Gold has always been considered as a traditional investment tool by Indians; once gold coins were used to be a currency. Later this approach changed and Indians mostly turned towards gold jewelleries. This inclination has been continuing till date, while the festive season usually attracts most of the yearly sales.
Types of gold demand in this festive season
During the festive season, gold jewelleries are bought mostly for weddings or other auspicious purposes. About 60% to 70% of India’s gold consumption is in the form of jewellery. According to a Crisil Ratings report, the revenue for gold jewellery retailers in India will increase 12% to 14% in FY 2022. Anuj Sethi, a senior director at Crisil Ratings said, “Pent-up demand from weddings, which account for 55% to 60% of overall jewellery sales, and festivals will help resurrect revenue just as they did last fiscal.”
Earlier, Ajoy Chawla, CEO, Tanishq told the media that, October and November normally account for 25% of their business for the year, which include Dussehra and Diwali.
Gold is a popular investment option as a hedge against inflation. So, global inflation pressures, mostly the 'stagflation' in the US, highest in the last 30 years, have increased gold demands. Similarly, the Indian inflation rate of around 5% is encouraging gold demands before the festive season this year. The country's economy has only started to recover, manufacturing data and employment data are not assuring as yet. So, concerns of inflation are still worrying investors, and ahead of Diwali and Dhanteras, gold is holding a strong demand across the country.
International price pressures
Gold jewelleries hold the top portfolio among all kinds of gold investment but India does not produce much gold to meet the country's demands. So, India has to import gold from international markets and therefore Indian gold rates are determined by international prices. Before Diwali, gold rates in India are surging, as, in late October, gold rates stayed above the psychological high of $1800/oz. So, in India, 22 carat gold rates at the end of October were quoted around `47,000/10 grams.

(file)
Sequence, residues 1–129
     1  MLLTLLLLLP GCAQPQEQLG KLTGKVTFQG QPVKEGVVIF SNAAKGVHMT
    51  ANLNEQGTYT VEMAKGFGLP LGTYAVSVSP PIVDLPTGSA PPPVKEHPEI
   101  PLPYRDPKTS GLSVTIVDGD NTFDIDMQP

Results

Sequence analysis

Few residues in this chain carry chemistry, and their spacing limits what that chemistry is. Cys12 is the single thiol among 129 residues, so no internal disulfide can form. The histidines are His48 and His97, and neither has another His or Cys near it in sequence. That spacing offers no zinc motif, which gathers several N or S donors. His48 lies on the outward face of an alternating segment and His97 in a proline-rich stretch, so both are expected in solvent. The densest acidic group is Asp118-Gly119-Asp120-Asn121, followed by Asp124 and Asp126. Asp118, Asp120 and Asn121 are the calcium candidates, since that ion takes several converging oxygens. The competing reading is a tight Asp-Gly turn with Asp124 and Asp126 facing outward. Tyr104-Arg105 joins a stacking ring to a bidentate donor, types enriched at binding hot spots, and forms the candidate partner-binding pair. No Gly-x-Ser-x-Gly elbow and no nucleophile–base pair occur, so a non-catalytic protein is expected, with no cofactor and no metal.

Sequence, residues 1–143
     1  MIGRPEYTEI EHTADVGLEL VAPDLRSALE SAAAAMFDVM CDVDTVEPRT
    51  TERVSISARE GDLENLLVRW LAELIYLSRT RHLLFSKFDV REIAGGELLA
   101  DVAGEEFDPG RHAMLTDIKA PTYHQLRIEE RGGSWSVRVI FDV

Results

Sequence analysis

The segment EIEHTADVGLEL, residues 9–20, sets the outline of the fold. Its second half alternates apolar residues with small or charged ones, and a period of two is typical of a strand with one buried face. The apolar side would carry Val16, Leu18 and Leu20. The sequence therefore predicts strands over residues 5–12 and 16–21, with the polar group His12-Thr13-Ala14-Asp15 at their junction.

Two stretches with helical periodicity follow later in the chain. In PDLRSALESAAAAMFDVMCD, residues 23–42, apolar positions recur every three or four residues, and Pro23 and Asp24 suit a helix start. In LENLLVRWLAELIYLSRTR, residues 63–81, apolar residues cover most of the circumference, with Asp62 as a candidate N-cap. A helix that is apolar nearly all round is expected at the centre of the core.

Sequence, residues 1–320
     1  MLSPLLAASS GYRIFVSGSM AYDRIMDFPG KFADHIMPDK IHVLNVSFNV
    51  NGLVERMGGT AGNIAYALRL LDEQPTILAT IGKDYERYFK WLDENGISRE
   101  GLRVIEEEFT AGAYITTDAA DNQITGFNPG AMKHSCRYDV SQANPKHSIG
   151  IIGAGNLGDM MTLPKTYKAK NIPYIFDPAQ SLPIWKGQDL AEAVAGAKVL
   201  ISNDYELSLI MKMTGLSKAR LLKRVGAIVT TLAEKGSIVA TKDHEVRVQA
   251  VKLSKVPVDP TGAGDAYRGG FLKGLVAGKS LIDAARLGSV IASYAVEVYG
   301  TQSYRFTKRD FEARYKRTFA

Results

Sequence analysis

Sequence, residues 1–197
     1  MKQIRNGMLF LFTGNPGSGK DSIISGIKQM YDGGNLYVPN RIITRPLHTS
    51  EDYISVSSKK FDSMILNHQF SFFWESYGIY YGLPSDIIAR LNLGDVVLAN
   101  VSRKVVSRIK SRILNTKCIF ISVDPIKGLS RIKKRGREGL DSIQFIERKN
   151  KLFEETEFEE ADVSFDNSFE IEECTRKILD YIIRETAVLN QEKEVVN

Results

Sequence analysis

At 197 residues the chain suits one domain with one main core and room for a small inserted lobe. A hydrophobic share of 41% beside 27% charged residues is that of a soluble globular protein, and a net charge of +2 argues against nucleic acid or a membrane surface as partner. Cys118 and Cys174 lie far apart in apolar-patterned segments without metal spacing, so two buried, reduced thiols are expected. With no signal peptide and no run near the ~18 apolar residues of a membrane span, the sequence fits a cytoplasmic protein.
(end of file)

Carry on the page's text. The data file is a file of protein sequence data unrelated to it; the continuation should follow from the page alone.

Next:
Earlier in September, 22 carat gold rates (monthly basis) dropped by 4.08%. Then, it was anticipated that a subdued gold rate will boost gold demands in Dussehra and Diwali. However, a rising gold rate can impact the gold business negatively. Although the US Federal Reserve has declared they are not going to hike the interest rate soon, as the impacts of the pandemic are continuing. So, the market globally is behaving soft -as of now. The US dollar index is also inversely related to gold prices. Hence, the gold market is quite volatile now.
Gold demand drivers
According to the World Gold Council's recent report of October 2021, for each 1% increase in gross national income per capita, gold demand rises by 0.9% in India. Import duties and other taxes affect long-term demand but the magnitude varies depending on whether gold is bought as jewellery or bars and coins.
A World Gold Council data shows that Indian citizens have bought 315.9 tonnes of gold jewelleries in 2020 - which is almost equal to the combined purchases in North and South America, Europe, and the Middle East. However, China remained the biggest buyer at 433.3 tonnes. But during the pandemic gold demand fell more than a third to a 25-year low of 446.4 tonnes compared with 690.4 tonnes in 2019, as the gold rates surged to historically high levels in 2020.
The central government has already mandated BIS to make the hallmarking system mandatory. Hallmarking determines the purity in carat for gold such as – 22K916 (22 carat), 18K750 (18 carat), and 14K585 (14 carat) gold. However, small jewellers and jewellery associations have opposed it because they think it will stress the small-scale sellers. These small jewellers sell many gold jewelleries that are not hallmarked. So, this will impact their business negatively during the festive season when the effects of the pandemic are not yet over. They have also identified the rule as an 'arbitrarily implementation'. They are also worried because now the jewellers will be involved solely with the Hallmarking Unique ID (HUID) procedure along with the assaying and hallmarking centres (AHCs). It is a lengthy process. However, the mandatory hallmarking system will assure the buyers of the purity of gold and will also help them at the time of resale to get the exact price of the piece. Anuj Sethi of Crisil Ratings commented, “The organised segment of the market will benefit from lower import duty and introduction of mandatory hallmarking from June 2021, which will make them more competitive compared to unorganised players.”
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